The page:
Satiate vs Suffice - What's the difference?

satiate | suffice | Synonyms |

Satiate is a synonym of suffice.


In lang=en terms the difference between satiate and suffice

is that satiate is to satisfy to excess to fill to satiety while suffice is to satisfy; to content; to be equal to the wants or demands of.

As verbs the difference between satiate and suffice

is that satiate is to fill to satisfaction; to satisfy while suffice is to be enough or sufficient; to meet the need (of anything); to be equal to the end proposed; to be adequate.

As an adjective satiate

is filled to satisfaction or to excess.

satiate

English

Verb

(satiat)
  • To fill to satisfaction; to satisfy.
  • Nothing seemed to satiate her desire for knowledge.
  • To satisfy to excess. To fill to satiety.
  • Usage notes

    Used interchangeably with, and more common than, sate.Monthly Gleanings: November 2011]: Sate'' versus ''satiated''.”, ''[http://blog.oup.com/ OUPblog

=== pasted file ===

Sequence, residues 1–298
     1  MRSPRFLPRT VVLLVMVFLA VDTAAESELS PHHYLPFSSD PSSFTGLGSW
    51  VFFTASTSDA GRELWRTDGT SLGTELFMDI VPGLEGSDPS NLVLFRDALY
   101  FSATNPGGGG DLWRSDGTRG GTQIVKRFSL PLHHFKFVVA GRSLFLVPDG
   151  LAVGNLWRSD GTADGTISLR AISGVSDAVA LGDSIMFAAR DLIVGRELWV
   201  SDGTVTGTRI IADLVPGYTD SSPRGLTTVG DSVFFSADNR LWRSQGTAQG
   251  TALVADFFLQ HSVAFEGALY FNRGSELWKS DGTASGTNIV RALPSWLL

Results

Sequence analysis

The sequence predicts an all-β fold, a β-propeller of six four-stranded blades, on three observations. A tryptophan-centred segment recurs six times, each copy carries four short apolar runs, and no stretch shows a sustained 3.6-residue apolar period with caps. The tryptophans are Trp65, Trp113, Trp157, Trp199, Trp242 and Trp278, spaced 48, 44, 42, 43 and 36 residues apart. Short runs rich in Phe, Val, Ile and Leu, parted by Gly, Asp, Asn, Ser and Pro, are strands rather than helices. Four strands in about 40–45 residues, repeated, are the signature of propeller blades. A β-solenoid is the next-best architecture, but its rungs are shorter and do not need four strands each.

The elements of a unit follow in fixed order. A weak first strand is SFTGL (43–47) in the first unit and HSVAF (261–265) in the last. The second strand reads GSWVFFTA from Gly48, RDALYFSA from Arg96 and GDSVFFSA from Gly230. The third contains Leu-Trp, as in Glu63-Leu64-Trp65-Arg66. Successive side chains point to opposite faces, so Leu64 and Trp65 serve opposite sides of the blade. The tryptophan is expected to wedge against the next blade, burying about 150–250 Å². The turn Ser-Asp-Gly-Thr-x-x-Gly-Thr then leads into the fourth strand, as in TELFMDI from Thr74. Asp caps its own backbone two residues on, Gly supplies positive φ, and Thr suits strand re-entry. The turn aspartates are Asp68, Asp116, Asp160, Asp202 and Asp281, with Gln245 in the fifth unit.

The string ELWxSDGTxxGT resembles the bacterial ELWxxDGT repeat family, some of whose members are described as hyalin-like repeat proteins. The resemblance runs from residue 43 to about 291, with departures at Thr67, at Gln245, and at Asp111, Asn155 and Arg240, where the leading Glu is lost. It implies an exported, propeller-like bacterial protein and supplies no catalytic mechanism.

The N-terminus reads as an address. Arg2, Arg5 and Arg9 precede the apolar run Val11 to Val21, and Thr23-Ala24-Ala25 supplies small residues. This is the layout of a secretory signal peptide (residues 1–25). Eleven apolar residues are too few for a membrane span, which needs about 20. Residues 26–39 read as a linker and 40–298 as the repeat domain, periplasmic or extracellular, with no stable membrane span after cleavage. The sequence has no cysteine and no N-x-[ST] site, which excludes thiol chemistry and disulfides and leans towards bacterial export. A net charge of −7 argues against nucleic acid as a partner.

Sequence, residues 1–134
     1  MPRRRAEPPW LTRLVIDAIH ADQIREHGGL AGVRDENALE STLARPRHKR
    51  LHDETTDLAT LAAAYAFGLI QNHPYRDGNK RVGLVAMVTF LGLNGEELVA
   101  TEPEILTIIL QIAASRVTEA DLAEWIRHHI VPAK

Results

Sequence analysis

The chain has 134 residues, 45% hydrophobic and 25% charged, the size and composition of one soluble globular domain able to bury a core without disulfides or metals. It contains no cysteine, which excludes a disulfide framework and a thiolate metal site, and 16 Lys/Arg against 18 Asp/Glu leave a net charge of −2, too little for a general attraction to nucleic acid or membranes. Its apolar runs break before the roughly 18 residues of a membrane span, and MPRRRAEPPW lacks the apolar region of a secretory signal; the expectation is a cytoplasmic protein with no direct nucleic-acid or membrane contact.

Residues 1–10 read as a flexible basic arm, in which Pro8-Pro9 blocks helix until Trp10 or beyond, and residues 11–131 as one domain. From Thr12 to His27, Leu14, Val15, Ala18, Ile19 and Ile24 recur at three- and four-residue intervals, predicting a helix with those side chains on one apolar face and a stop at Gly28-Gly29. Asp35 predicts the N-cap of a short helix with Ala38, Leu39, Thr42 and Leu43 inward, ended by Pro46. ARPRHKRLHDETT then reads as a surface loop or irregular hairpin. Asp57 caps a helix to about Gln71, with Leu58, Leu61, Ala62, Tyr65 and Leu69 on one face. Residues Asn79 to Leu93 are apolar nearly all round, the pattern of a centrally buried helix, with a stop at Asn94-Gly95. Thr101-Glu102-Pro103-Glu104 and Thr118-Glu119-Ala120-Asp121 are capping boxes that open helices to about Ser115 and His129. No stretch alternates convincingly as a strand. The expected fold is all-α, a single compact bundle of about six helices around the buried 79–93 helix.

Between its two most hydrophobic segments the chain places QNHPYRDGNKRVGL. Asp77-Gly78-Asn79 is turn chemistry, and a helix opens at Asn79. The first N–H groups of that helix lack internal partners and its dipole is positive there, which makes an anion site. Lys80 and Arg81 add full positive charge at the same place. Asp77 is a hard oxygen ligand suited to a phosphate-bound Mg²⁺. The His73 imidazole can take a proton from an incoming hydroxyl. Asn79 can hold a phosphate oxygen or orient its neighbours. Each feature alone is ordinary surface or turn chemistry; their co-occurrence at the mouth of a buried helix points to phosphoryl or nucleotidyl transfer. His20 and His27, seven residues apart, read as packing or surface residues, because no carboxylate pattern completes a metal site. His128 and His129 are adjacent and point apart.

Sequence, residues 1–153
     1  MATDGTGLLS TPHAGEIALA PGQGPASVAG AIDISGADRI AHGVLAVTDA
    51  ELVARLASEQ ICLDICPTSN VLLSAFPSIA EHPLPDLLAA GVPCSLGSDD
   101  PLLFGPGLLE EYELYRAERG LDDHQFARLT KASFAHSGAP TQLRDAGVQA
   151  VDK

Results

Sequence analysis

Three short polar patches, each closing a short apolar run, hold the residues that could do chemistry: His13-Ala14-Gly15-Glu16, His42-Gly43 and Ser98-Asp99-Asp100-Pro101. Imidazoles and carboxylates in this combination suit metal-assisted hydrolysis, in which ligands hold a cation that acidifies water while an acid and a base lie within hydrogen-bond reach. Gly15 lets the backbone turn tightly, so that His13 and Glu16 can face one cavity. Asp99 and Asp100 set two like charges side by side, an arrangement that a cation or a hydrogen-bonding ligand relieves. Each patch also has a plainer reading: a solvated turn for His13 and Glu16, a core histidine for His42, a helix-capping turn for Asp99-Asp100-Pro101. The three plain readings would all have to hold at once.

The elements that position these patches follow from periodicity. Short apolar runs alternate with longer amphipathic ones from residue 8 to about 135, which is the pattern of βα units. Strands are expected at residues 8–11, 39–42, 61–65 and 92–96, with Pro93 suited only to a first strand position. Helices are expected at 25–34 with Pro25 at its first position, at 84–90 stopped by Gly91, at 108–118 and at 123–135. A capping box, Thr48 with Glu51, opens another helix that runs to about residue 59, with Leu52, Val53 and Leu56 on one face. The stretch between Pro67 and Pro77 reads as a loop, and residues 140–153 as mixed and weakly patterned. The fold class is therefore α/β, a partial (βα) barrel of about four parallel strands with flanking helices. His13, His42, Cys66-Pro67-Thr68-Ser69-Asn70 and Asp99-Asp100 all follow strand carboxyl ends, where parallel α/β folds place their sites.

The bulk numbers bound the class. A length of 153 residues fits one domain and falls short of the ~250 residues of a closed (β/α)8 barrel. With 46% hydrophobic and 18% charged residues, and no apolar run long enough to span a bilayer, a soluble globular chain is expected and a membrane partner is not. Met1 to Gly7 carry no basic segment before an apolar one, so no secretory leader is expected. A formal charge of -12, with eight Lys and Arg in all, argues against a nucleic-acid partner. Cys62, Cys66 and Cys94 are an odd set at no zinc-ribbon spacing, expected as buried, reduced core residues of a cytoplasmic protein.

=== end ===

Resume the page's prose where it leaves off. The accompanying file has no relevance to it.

Synonyms

    * sate

    Derived terms

    * satiated

    References

    Adjective

    (en adjective)
  • Filled to satisfaction or to excess.
  • * Alexander Pope
  • satiate of applause

    suffice

    English

    Verb

    (suffic)
  • To be enough or sufficient; to meet the need (of anything); to be equal to the end proposed; to be adequate.
  • Two capsules of fish oil a day suffices .
  • * Milton
  • To recount almighty works, / What words or tongue of seraph can suffice ?
  • To satisfy; to content; to be equal to the wants or demands of.
  • A joint of lamb sufficed even his enormous appetite.
  • * 1838 , The Church of England quarterly review (page 203)
  • Lord Brougham's salary would have sufficed more than ninety Prussian judges.
  • To furnish; to supply adequately.
  • Usage notes

    * Commonly used in the phrase suffice it to say. * Mostly used in modal verb constructions, such as: Half a loaf per day will suffice'''.'' This is much more common than the direct form ''Half a loaf per day '''suffices .